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Is that a bee or some kind of bee-mimicking fly on the Allium lusitanicum ‘Summer Beauty’? Either way, it’s about to be joined by a Bumblebee.

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Fly, I think, because there’s only one pair of wings and short antennae. Don’t look down on flies. While some are annoying, others are important pollinators.

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Who is this on the Wild Bergamont (Monarda fistulosa)? Maybe a Sweat Bee?

That’s all for now. I hope to continue capturing on film some of the less obvious pollinators. It can be a challenge, especially for the really little ones. A goal for retirement, I think, will be to develop a deeper knowledge of the pollinators in the garden.

Are you seeing plenty of pollinators around your garden?

51 Comments on “A Summer Picnic for Pollinators”

  1. Over the years, I see fewer and fewer pollinators in my yard – I suspect several of my neighbors spray theirs. As summer progresses, though, more bees and such show up. Inspecting the milkweed for eggs and caterpillars is a lesson in tiny bugs, especially spiders. I suspect they are the ones that eat the monarch eggs.

  2. Very weird. We’re seeing more butterflies than usual so far this year, but I find them a challenge to photograph. They did a great job of eating the foliage on our garden peas, but we still got a decent crop. I have heard that the dry weather might affect the food stocks later in the season for the ones still to hatch out, so it might not be good news in the longer term.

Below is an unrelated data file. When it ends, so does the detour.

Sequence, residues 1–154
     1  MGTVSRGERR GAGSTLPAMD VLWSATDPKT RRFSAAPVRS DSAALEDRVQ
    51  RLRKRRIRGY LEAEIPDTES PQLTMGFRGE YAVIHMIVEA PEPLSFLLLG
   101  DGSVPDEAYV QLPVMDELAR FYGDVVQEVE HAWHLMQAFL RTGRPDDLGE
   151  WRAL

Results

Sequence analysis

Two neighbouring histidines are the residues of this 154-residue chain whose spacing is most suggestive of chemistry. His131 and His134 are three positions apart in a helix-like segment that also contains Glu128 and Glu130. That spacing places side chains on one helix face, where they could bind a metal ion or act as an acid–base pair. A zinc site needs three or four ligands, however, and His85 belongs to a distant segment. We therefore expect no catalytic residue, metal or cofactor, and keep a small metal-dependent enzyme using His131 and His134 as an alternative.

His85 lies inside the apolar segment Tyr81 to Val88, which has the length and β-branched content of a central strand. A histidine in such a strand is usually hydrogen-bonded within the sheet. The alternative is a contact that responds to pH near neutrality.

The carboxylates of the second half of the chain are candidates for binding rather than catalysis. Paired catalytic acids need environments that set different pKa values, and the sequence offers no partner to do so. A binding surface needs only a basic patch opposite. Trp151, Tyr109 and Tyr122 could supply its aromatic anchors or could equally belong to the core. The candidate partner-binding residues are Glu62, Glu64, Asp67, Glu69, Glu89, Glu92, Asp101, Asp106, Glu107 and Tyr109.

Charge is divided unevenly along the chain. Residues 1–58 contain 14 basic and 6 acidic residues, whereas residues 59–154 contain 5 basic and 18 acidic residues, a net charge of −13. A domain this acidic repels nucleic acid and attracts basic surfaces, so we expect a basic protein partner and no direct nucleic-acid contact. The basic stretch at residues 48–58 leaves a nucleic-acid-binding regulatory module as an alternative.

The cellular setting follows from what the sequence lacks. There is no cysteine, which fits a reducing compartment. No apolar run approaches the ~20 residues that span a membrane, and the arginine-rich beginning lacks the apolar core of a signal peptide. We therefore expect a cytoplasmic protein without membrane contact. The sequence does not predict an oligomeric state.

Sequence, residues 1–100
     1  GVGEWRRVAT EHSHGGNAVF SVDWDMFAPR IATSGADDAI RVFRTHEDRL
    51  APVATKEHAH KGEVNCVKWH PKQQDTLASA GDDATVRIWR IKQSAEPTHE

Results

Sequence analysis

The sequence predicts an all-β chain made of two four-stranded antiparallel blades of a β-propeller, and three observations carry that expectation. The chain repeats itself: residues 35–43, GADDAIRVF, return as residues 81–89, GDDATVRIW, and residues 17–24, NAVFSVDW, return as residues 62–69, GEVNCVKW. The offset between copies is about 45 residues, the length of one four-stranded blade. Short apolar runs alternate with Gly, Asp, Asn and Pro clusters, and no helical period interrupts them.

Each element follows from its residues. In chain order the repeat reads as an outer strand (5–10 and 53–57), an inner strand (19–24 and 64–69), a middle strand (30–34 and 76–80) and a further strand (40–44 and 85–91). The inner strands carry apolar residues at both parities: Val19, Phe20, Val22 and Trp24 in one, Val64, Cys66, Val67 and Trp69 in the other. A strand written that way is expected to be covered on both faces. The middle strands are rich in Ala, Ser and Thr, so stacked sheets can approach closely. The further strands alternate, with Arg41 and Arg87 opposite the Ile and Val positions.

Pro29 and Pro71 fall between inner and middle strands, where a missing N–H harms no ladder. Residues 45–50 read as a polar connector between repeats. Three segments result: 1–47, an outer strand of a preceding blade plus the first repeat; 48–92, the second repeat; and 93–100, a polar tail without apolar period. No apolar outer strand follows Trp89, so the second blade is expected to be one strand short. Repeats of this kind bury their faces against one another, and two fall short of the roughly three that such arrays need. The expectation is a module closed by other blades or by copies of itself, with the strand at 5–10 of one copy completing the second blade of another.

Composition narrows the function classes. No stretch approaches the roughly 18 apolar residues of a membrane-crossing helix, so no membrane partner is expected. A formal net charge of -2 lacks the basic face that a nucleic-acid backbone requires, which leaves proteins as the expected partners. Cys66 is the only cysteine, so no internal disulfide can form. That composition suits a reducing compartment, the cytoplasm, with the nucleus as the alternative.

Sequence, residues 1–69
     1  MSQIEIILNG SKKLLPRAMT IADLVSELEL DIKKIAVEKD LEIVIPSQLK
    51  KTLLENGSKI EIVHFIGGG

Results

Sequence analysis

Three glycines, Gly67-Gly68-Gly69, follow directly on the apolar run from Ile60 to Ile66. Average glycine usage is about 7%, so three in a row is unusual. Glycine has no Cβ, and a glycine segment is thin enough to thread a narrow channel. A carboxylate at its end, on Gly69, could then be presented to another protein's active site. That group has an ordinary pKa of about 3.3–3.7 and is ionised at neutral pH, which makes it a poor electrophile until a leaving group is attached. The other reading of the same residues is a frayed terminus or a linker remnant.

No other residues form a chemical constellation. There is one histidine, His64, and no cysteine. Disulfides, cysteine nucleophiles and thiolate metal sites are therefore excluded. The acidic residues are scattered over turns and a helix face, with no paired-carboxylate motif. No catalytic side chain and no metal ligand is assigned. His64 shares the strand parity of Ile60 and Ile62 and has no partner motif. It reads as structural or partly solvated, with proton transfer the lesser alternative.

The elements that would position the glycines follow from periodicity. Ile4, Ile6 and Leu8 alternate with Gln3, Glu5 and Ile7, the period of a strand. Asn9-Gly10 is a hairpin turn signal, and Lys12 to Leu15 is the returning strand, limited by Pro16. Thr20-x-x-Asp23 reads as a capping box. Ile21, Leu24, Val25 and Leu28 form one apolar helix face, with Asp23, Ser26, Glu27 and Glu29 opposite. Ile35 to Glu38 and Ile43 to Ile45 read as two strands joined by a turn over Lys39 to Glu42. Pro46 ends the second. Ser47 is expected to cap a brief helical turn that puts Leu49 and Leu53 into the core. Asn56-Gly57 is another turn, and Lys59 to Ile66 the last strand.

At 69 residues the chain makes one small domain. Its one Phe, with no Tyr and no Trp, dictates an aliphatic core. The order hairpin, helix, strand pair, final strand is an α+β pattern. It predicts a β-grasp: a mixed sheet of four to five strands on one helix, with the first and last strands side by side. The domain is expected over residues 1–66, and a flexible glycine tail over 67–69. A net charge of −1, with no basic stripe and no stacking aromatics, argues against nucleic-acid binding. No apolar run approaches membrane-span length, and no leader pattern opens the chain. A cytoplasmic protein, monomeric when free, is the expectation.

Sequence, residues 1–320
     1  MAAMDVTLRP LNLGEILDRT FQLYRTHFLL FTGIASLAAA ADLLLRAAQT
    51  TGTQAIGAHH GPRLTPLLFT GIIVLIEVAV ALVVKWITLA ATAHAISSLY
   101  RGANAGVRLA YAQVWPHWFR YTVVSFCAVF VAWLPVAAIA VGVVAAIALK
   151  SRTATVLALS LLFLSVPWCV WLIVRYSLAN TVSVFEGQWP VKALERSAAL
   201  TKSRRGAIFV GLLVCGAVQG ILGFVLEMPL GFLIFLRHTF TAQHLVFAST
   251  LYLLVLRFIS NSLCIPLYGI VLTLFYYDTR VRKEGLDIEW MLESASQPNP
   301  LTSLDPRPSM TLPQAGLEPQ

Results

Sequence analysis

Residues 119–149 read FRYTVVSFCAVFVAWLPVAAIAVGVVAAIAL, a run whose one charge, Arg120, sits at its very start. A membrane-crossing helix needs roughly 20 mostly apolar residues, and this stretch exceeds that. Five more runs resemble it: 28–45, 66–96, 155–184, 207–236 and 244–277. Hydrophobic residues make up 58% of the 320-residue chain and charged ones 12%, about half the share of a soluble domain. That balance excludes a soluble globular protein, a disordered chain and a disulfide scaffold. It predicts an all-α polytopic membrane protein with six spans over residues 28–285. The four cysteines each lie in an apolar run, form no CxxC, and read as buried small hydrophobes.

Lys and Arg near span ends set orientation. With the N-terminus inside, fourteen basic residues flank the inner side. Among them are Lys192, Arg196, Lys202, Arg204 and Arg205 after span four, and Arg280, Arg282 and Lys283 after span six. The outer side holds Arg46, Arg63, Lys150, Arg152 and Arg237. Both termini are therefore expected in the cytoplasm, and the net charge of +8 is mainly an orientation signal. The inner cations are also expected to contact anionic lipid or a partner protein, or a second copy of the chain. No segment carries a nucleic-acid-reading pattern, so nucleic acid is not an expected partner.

Your pictures are lovely, especially the ones with the Mexican sunflowers.

  3. The pollinator-watching really is excellent right now. We’re commonly seeing swallowtails (black and tiger), monarchs and red admirals in addition to cabbage whites and clouds of bees. On Sunday morning we sat on the porch watching them literally for hours.

  4. Kudos to you for choosing such gorgeous plants that the insects want and need. Those pollinators certainly add to the beauty of your garden. You can crop that last photo, highlighting the insect more and send it to bugguide.net. I’ll bet someone there can id it for you.

  5. You did a fine job with the photos. Yes, we have plenty of pollinators in the garden. Many are slurping up the last of the clethera blooms. My clethera shrub is large enough that it sweetens the air with it’s lovely fragrance. I often stand by it mesmerized by all the pollinators. I do think I hear slurping from time to time. Naw maybe it is just wings whizzing.